At least one dead, 65 wounded as Taliban detonate car bomb in Kabul

At least one dead, 65 wounded as Taliban detonate car bomb in Kabul

AFP/File/NOORULLAH SHIRZADA

Many children were among the wounded, according to a hospital statement.

At least one person was killed and dozens wounded in a Taliban-claimed attack which saw a powerful car bomb rock Kabul early Monday, followed by gunmen who battled special forces in an area housing military and government buildings.

Many children were among the wounded, according to a hospital statement, after the rush-hour explosion sent a plume of smoke into the air above the Puli Mahmood Khan neighbourhood of the Afghan capital and shook buildings up to two kilometres away.

AFP reporters could hear gunshots and multiple smaller explosions as fighting between the gunmen and special forces continued more than four hours after the attack began.

“At first, a car bomb took place and then several attackers took over a building. The area is cordoned off by the police special forces and (they) are bringing down the attackers,” said interior ministry spokesperson Nasrat Rahimi.

He later said that at least one attacker had been killed.

Health ministry spokesperson Wahidullah Mayar said that at least one person had been killed and 65 wounded – including nine children – and warned that casualties could rise.

“Among the wounded, many children who were going to school,” said the Twitter account of the Emergency Hospital in Kabul, where many victims were taken.

Some social media images purportedly taken at the hospital showed wounded and stunned children in school uniforms, still clutching books as they arrived for treatment.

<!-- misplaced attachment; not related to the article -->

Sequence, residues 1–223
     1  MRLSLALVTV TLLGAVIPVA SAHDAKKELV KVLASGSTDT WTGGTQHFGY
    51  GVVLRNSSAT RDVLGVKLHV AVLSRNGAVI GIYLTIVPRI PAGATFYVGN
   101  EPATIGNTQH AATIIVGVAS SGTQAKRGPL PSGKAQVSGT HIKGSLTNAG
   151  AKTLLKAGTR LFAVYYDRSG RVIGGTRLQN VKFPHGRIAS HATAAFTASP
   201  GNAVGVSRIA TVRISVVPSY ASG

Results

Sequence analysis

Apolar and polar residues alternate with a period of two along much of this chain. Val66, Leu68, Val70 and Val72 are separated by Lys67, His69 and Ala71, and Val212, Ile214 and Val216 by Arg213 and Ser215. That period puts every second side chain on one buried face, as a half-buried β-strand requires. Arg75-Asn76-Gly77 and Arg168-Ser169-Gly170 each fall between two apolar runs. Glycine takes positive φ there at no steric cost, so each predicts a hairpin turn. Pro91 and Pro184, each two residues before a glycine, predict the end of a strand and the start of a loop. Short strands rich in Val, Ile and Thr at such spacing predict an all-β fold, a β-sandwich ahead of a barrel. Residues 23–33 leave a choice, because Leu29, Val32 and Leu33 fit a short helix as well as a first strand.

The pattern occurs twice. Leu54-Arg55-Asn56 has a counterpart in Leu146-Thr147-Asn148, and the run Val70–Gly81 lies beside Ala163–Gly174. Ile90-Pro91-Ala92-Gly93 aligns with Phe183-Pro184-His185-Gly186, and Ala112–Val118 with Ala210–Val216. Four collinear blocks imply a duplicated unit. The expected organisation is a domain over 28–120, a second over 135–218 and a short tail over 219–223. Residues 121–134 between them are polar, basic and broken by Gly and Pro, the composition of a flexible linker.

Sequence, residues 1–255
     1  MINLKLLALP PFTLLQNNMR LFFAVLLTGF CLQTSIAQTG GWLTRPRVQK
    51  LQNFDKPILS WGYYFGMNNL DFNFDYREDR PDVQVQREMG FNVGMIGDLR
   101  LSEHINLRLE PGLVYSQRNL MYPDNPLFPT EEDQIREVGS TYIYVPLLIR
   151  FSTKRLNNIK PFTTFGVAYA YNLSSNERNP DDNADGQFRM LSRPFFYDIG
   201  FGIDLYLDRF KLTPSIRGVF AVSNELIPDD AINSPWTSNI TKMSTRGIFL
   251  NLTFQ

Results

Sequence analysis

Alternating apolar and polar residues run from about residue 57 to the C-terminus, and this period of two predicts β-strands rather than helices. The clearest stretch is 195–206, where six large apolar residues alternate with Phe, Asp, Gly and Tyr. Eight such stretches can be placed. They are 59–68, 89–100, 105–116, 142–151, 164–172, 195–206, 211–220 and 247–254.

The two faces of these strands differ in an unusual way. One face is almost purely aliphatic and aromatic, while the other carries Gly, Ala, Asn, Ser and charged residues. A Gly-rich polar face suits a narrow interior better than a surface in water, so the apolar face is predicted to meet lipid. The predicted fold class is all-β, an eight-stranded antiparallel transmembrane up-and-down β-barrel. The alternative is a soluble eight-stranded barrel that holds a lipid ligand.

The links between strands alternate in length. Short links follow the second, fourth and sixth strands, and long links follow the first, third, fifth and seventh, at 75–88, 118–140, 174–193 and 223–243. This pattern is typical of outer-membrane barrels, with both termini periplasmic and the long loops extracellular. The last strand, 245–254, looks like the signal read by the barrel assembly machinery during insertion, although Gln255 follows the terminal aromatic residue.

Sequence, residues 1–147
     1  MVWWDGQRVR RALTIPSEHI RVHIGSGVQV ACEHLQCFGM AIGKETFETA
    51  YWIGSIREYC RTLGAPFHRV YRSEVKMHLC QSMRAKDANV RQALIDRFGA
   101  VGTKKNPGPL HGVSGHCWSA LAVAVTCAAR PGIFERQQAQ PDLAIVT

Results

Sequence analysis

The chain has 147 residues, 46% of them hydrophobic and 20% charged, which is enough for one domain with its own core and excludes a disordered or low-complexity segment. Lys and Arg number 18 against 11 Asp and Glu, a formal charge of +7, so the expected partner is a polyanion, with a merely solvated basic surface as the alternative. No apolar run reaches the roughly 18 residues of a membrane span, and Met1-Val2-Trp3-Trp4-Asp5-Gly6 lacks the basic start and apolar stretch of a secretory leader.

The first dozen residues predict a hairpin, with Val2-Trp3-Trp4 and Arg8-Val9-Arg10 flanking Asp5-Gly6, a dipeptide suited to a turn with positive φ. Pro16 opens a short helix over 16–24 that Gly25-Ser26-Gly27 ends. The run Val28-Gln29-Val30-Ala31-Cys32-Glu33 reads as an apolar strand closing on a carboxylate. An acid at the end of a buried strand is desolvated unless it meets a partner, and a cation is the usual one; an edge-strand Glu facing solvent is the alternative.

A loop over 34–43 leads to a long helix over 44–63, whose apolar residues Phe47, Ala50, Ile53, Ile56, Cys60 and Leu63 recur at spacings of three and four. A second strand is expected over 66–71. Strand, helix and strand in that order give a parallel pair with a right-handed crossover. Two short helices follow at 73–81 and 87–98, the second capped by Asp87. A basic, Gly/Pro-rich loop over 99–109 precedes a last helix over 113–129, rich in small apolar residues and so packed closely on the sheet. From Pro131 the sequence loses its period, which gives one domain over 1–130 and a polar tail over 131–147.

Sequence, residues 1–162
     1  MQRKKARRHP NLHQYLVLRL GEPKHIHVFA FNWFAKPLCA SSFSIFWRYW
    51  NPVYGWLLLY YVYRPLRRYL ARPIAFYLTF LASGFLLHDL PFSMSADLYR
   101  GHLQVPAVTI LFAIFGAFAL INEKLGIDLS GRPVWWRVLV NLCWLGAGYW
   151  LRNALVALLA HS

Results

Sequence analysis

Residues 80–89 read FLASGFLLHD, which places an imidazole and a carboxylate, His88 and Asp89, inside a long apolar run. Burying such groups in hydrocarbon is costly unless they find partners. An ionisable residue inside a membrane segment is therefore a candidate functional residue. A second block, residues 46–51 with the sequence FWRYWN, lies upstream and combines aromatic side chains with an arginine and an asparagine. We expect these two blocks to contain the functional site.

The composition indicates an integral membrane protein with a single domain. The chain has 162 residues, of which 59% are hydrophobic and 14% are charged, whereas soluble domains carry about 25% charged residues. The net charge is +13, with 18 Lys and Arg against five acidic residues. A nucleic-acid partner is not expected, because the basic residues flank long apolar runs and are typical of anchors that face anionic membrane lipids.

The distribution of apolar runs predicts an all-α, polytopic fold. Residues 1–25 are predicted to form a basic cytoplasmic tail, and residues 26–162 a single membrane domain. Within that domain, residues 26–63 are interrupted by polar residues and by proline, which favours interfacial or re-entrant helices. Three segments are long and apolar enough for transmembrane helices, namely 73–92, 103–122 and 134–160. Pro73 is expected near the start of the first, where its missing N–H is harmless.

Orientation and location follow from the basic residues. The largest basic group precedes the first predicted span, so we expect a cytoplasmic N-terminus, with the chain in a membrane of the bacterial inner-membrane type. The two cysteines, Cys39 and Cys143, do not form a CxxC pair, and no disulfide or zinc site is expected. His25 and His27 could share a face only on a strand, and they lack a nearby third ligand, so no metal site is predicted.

The Taliban claimed the attack, which came just two days after the insurgents began the seventh round of talks with the US in Qatar as Washington eyes a breakthrough before Afghanistan’s September presidential election.

Militant spokesperson Zabiullah Mujahid released a statement saying the insurgents had targeted a defence ministry building in the area, which was quickly blocked off by Afghan forces and ambulances, with helicopter gunships seen overhead as firing continued.

Authorities have not confirmed the target.

“We were sitting inside the office when the world turned upside down on us,” Zaher Usman, an employee at a branch of the culture ministry, which he said stood just 150 metres from the blast.

Brief lockdown

“When I opened my eyes, the office was filled with smoke and dust and everything was broken, my colleagues were screaming,” Usman told AFP by telephone.

Shams Amini, a spokesperson for the Afghan Football Federation, told AFP that the blast occurred near their HQ gates, and said some colleagues had been injured.

Nearby Shamshad TV station, which was attacked in 2017, aired images of broken glass and damage to its offices.

“I was terrified,” Shamshad anchor Hashmat Stanikzai told AFP.

The explosion came as the US was set to begin a third day of negotiations with the militants in Doha. There was no immediate confirmation if they would go ahead after the blast.

With the attack still ongoing, the Taliban spokesperson in Doha again insisted that the insurgents would not negotiate with Kabul.

“Once the timeline for the withdrawal of foreign forces is set in the presence of international observers, then we will begin the talks to the Afghan sides, but we will not talk to the Kabul administration as a government,” Suhail Shaheen tweeted.

The insurgents have long refused to negotiate with the Western-backed government, whom they have deemed puppets.

The talks have so far centred on four issues – counter-terrorism, the foreign troop presence, an intra-Afghan dialogue and a permanent ceasefire.

A potential deal would see the US agree to withdraw its troops after more than 17 years in Afghanistan, igniting deep concerns among Afghans who fear Washington will rush for the exits and allow the militants to return to some semblance of power.

In return, the Taliban would guarantee the country would never again become a safe haven for violent extremism, as happened with Al-Qaeda before the September 11, 2001 attacks.

However, US officials have insisted that “nothing is agreed until everything is agreed”, including intra-Afghan talks.

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